Hand picked the wrong night to open a save opportunity by walking Stanton. Urshela then singled Stanton’s pinch runner Mike Tauchman to second. Gleyber Torres beat out an infield dribbler to load the pillows, and Brett Gardner struck out, but Sanchez lofted a re-tying sacrifice fly to center field.

Up stepped American League batting champion D.J. LeMahieu. He called slider in the center pocket and cued it right up the middle and right through the Indians’ middle infield. And, alas, right under center fielder Delino DeShields’s down-stretched glove, enabling Urshela to score the tenth Yankee run.

The Indians ran out of answers in the bottom of the ninth.

One night after they punished American League Cy Young Award favourite Shane Bieber, the Yankees had to survive the elements and Indians tenacity to get themselves a division series date with the Rays, who beat them out of the American League East title and who lack both the Yankees’ star power and the meaning of the word “quit.”

“You don’t have to pour champagne on each other,” said Yankee manager Aaron Boone, whose winners stuck to the COVID protocols and exchanged mere fist bumps to celebrate, “to appreciate what an epic game that was and the fact that we’re moving on.”

Forgive Cleveland if the epic side of the game escapes for a good while. Embrace these Indians who fought the good fight against a Yankee team they never saw on the irregular season but had to get past excess familiarity with the medical profession for a second straight season.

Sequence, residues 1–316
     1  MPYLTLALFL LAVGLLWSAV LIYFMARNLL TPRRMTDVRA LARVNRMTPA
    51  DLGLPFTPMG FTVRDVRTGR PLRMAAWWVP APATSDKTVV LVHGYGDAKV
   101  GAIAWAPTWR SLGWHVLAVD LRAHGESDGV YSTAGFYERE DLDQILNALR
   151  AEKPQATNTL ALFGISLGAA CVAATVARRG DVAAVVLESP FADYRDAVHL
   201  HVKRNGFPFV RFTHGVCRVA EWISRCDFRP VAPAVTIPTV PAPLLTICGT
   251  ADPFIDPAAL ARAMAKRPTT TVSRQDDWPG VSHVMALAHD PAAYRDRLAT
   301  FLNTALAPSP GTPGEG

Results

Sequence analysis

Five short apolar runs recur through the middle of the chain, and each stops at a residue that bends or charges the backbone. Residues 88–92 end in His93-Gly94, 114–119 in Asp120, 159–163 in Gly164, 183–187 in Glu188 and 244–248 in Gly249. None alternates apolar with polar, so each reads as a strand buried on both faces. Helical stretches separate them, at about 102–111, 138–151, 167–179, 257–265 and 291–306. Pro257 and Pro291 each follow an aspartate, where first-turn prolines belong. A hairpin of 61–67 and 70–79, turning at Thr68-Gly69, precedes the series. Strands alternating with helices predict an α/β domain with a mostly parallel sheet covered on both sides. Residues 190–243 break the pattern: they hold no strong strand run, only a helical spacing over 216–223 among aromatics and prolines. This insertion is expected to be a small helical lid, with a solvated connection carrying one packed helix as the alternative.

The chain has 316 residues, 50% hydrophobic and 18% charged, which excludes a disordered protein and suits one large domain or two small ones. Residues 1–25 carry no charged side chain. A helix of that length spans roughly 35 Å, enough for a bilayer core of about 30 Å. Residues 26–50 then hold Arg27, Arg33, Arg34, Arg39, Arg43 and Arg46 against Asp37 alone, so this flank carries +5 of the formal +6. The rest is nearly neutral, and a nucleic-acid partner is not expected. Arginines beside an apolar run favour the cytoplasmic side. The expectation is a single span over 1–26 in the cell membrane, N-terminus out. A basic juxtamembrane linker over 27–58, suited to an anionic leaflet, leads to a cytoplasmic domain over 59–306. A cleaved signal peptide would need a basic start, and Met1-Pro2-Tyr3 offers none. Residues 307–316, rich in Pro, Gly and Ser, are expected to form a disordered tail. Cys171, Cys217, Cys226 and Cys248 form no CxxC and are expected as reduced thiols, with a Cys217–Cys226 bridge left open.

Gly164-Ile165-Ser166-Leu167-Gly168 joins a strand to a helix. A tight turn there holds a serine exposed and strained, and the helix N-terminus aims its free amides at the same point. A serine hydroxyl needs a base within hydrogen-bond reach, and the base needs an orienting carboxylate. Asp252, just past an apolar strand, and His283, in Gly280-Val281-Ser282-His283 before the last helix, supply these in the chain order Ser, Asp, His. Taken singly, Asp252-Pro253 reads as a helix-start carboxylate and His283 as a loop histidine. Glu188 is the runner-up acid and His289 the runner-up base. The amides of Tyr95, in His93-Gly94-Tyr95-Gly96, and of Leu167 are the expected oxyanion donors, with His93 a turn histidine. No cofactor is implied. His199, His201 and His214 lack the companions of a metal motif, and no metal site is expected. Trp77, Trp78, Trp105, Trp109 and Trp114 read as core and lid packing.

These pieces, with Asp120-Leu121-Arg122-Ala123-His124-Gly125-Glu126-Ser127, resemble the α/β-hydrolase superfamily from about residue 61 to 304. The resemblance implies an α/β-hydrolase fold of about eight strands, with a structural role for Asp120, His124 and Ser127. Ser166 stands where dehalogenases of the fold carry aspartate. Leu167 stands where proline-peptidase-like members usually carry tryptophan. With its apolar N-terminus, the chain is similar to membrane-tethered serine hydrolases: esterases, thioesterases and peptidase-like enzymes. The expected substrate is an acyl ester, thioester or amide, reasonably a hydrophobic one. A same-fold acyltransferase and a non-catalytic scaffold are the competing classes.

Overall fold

So far as the Indians are concerned, these Yankees picked the wrong time to remember how to win on the road. And, the Tribe with the irregular season’s best pitching overall picked the wrong time to post an 11.00 ERA in two games against the Empire Emeritus with eleven walks in eighteen innings and seven home runs surrendered.

So far as these Yankees are concerned, they survived the best the Indians could throw at them to make it four times in the past four seasons they’ve sent either the Indians or the Minnesota Twins home for the winter early. But the Indians and their fans—already rubbing their eyes over Francisco Lindor, Franmil Reyes, and Carlos Santana going 1-for-23 at the plate this set—are going to wonder how their number one strength, their pitching, became their number-one vulnerability.

Don’t remind Cleveland that the same thing happened in the 1954 World Series, when another stellar Indians pitching staff—including Hall of Famers Bob Lemon and Early Wynn, Mike (The Big Bear) Garcia, and what still remained of Hall of Famer Bob Feller—led an 111-game winning team into a Series sweep by the New York Giants. It won’t make this one sting any more gently.

“That game is literally the definition of a rollercoaster ride right there,” said Indians relief pitcher Nick Wittgren after it ended Wednesday night. “It was amazing to see our guys fight back . . . We were fighting, battling the entire game. That was fun to watch. It would have been a little more fun to be playing tomorrow.”

Usque ad proximum annum expectare.

How the Yankees beat themselves

2019-10-20 AroldisChapman.jpg